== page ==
Practical Theology 1: The Holy Scriptures
This is part of a series on the practical application of the theological truths contained in our doctrinal statement. See previous entries: Intro
1. The Holy Scriptures
We believe the Holy Scriptures of the Old and New Testaments to be the verbally inspired Word of God, the final authority for faith and life, inerrant in the original writings, infallible and God-breathed (2 Timothy 3:16,17; 2 Peter 1:20,21; Matthew 5:18; John 16:12,13).
No matter what any given individual might claim, every single person in the whole world that has ever or will ever exist submits to authority. Every single person looks to some authority for answers to the most basic questions of life. Though they might not be able to identify who or what that authority is, every person has an ultimate authority to which they look. Catholics look to the church; secularists look toward science, philosophy, reason, or politics; False religions have holy books and figureheads they follow; many simply look to themselves.
If the truth were to be told, every single person in the list above actually looks to the same thing as their final authority: man. Science, philosophy, politics and false religions all have their source in humanity. The trouble is humanity is terribly flawed. We make mistakes, and we make them constantly. For a while people thought philosophy was the answer but if you’ve ever read Ten Books that Screwed Up the World by Benjamin Wiker (highly recommended) it becomes immensely evident that philosophy has only damaged our world and our understanding of ourselves. Even science evolves and scientists can’t agree on the interpretation of the data. No, humanity can’t be our final authority. We’re simply too messed up.
What, then, is that final authority?
For the Christian, the answer is simple: The Scriptures. The Bible is our final authority. Why? Because it is the only book in the universe that is of divine origin. God wrote it. Yes, He used a human agent, but God oversaw the process.
The doctrinal statement reproduced above states that the Bible is “verbally inspired.” This means it was not just the ideas that were inspired, but every individual word was inspired. 2 Tim 3:16 says that “All Scripture is inspired by God” or, more literally “All Scripture is God-breathed” There are they very words of God.
The statement also says that the Bible is “inerrant” and “infallible”. This simply means that as the Scriptures were composed, they contained no mistakes (“inerrant” = without error”). The Bible is 100% true in all that it teaches. “Infallible” means that it is incapable of making mistakes. God is perfect, and as such He is incapable of making mistakes. His Word therefore, is incapable of making mistakes. So, the Scriptures are inerrant, free of error, and infallible, incapable of making error. Therefore, all that it teaches is true. Check out 2 Peter 2:19-21: “we have the prophetic word strongly confirmed. You will do well to pay attention to it, as to a lamp shining in a dismal place…No prophecy of Scripture comes from one’s own interpretation, because no prophecy ever came by the will of man; instead, men spoke from God as they were moved by the Holy Spirit.”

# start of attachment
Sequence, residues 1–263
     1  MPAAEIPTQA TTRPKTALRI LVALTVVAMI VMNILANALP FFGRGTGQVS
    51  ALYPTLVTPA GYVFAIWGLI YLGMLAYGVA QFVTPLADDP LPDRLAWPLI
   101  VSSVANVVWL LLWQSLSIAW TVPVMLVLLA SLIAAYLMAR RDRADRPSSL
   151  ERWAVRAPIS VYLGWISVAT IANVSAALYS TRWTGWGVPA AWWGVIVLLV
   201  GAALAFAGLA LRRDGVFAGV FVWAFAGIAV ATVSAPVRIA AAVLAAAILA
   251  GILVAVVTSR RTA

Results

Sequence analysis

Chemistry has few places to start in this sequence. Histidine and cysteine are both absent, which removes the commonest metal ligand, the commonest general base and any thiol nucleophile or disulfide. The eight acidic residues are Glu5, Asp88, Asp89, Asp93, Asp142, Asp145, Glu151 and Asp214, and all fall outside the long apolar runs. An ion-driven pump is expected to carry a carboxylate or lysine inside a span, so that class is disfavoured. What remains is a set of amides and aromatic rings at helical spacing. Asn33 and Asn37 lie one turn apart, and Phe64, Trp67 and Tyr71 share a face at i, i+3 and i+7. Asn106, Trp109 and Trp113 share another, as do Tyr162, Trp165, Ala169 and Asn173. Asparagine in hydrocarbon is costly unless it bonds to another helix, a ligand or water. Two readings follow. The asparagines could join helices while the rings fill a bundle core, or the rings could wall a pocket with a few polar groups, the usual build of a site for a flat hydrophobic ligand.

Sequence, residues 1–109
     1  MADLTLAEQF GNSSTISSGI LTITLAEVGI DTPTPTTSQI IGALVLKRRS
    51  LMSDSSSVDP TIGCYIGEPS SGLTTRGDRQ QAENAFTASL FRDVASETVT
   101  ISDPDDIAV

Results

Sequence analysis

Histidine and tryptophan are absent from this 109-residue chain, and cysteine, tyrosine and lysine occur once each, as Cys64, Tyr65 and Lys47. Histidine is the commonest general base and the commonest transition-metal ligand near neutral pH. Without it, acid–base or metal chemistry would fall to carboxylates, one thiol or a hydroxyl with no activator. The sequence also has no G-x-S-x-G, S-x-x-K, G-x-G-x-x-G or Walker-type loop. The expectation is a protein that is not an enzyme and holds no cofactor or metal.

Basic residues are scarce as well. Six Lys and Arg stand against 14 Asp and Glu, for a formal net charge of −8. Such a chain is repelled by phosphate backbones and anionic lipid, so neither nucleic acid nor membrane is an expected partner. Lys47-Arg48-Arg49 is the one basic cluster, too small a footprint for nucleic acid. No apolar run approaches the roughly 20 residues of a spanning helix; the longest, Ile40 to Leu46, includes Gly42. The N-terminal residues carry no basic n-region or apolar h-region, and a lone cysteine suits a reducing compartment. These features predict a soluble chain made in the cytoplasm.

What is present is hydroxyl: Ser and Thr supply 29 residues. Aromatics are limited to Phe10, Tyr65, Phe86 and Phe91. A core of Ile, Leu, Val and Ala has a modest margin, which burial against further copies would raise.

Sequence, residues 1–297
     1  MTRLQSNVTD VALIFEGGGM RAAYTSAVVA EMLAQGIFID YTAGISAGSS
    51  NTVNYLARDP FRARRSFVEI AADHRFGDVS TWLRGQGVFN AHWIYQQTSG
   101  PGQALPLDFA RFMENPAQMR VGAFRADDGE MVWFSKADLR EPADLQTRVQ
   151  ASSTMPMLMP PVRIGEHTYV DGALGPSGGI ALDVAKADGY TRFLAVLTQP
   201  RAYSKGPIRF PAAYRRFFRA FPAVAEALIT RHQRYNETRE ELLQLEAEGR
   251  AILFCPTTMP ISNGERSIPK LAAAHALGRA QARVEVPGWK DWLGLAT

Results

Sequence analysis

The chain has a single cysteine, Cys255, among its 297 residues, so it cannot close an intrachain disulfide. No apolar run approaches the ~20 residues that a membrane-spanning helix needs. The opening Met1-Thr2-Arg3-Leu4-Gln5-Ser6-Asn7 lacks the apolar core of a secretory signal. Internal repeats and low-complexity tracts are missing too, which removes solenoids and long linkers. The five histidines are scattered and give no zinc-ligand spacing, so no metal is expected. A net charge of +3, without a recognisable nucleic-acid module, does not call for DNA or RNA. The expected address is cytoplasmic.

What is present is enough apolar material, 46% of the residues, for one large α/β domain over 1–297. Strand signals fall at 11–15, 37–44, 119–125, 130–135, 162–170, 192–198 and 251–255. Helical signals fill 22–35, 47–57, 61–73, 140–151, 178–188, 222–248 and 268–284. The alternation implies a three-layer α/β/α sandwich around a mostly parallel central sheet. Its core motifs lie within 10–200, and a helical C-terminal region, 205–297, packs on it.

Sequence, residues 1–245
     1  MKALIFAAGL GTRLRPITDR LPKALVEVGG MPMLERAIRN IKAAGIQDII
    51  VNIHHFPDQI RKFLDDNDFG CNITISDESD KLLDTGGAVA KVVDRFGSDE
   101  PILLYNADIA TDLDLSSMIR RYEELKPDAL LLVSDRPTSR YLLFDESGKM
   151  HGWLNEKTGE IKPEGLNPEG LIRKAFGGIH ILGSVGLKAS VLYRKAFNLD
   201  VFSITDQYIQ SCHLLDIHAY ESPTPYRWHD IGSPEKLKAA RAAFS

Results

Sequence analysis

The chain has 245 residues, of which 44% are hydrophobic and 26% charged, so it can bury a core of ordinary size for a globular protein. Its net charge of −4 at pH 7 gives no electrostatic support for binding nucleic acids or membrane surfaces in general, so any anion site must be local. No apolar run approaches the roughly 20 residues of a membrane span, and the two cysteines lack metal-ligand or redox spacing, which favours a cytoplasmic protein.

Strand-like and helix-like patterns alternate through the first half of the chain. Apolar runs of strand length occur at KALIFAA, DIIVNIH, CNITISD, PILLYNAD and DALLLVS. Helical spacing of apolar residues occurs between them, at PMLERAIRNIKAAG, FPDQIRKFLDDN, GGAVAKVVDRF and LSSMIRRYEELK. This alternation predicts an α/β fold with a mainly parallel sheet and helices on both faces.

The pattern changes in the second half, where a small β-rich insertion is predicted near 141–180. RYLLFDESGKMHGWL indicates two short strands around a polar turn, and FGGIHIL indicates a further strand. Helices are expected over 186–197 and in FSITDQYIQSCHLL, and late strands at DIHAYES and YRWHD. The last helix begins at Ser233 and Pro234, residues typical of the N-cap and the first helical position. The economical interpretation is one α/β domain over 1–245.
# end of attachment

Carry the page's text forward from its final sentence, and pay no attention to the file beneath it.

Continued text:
If indeed the Bible is the inerrant, infallible, inspired Word of God, then we ought to do as Peter wrote: “pay attention to it,” and not just for intellectual purposes, but as the source of all truth. We ought to look to the Lord as the final authority in our lives.
The implications of this are staggering. If the Bible is as true as it claims it is, then we all have the responsibility to…
1) Know what it says. Have you read through the entire Bible? Have you studied it? The Scripture says that to whom much is given, much will be required. I believe we will be held accountable for our lack of knowledge of God’s Word when it is so readily available today.
2) Obey it. Once you know what the Bible says, you must obey it. You must be able to understand, interpret, and apply the Bible. This is every Christian’s responsibility.
In the Christian life, there will be many situations where you may not know what to do or how to proceed. When you choose to live in submission to the Scriptures, you seek to orient yourself to the Scriptures so that when those times arise, you ask “What does the Bible say about this?” or “What biblical principles apply to this situation?” We should also examine areas of life that we normally do not give much thought to and routinely ask “am I doing the biblical thing here?”
If you do choose to submit to the Word of God as your final authority, you will notice several things. First, you will have stability in life because you will be standing on a stable foundation. The ideas of the world are constantly changing. God’s Word never changes because God never changes. Second, you will seldom, if ever, face true “gray” areas. The principles of the Bible govern every single possible area of life. This does not mean every decision will be easy or clear, but that answers may be found. Third, life lived under the authority of God’s Word as the only authority is a more fulfilling life. Jesus said he came that we may have life, and have it more abundantly (John 10:10). This can only be true if we are following what He has taught us in His Word. And finally, you can live life with confidence that you are pleasing the Lord to the degree to which you live in accordance with His word.
So is this theological statement practical? Absolutely. Without Scripture as our final authority, we are left to our own devices, and that is a very sorry prospect indeed. So unleash this theology in your life and stand on the unchanging Word of God. Read it. Study it. Live it.
Be blessed; be a blessing